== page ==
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Another quarter, another blowout expected for Apple earnings.
The tech giant is scheduled to report its first quarter earnings after the closing bell on Tuesday. And as of Monday, analysts were expecting the company to report earnings of $2.60 per share on revenue of $67.69 billion, according to a Thomson Reuters survey of 40 analysts. Those numbers account for a 26 percent and 18 percent increase year over year, respectively.
That's higher than Apple's own guidance, which was $63.5 billion to $66.5 billion for the quarter.
"Our expectation is, that not only are they going to have a strong quarter, but we think the guidance will prove encouraging, too," R.W. Baird senior analyst Will Power said Monday on CNBC's "Squawk Box. "
Sales of the iPhone, which make up the bulk of Apple's revenue, are expected to be huge. While the focus will be on iPhones, there may also be strong upside potential to average selling price and gross margins that could drive shares higher, said Power, who has a $129 price target for the stock.
In midafternoon trading Monday, Apple's share price was $113.65.
Read MoreChina buying more iPhones than US
And with strong China growth, plus new products in the pipeline this year, some investors are betting the stock has even more momentum in 2015.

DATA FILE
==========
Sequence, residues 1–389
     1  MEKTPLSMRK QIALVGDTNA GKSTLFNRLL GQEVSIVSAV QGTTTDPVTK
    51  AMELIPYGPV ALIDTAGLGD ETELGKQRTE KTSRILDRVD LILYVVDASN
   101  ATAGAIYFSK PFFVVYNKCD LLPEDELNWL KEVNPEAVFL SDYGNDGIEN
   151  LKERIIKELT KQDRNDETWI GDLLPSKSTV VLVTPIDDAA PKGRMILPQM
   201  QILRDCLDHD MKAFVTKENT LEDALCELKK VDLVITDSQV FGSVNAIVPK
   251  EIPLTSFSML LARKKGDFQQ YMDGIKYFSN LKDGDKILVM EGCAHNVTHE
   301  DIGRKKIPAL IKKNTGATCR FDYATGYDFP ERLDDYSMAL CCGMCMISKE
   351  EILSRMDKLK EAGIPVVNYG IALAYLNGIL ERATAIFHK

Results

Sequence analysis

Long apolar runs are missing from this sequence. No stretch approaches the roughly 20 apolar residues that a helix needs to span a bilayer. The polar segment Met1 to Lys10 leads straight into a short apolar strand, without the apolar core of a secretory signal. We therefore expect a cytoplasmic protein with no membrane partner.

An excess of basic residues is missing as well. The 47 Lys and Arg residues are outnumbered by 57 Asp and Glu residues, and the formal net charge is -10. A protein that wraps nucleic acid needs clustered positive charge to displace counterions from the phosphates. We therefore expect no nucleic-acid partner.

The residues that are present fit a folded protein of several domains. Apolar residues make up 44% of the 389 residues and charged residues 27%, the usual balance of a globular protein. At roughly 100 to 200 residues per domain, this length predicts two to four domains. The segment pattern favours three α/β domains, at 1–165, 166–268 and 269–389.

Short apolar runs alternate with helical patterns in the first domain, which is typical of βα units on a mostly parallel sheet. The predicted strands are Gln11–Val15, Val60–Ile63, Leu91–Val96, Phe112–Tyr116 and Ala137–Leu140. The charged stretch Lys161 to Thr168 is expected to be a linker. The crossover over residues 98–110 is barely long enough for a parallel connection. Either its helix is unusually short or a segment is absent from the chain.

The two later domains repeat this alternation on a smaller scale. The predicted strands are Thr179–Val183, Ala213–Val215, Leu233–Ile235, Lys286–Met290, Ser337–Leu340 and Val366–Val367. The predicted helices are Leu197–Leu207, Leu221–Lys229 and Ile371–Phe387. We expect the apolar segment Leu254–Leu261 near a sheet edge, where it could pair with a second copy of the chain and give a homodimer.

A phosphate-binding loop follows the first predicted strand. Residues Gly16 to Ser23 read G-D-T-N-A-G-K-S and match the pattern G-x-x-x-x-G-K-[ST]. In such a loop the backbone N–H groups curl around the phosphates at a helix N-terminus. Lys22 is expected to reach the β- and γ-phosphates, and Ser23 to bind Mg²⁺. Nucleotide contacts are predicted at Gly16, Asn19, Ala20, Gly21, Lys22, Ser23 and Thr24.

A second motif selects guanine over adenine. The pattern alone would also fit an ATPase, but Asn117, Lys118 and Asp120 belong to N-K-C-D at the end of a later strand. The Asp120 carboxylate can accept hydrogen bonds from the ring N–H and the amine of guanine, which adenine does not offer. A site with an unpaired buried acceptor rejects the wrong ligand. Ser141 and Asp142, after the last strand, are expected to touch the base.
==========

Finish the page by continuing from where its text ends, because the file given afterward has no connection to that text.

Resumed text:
Apple is expected to announce this week that for the first time it has sold more iPhones in China than in the U.S. last year.
UBS estimated that China accounted for 36 percent of shipments in the most recent quarter versus 24 percent of shipments for the U.S.
And there's still plenty of room for it to run, Power said.
"Apple's market share in China is still in the single digits," he said. "There is a big opportunity (in China). There is a big middle class in China, that continues to be an enormous opportunity."
Last year, greater China accounted for about $29.85 billion of Apple's sales revenue, which was a 17 percent increase from the previous year, when the region accounted for $25.42 billion in revenue, according to data from FactSet. And this kind of growth doesn't show immediate signs of stopping, analysts said.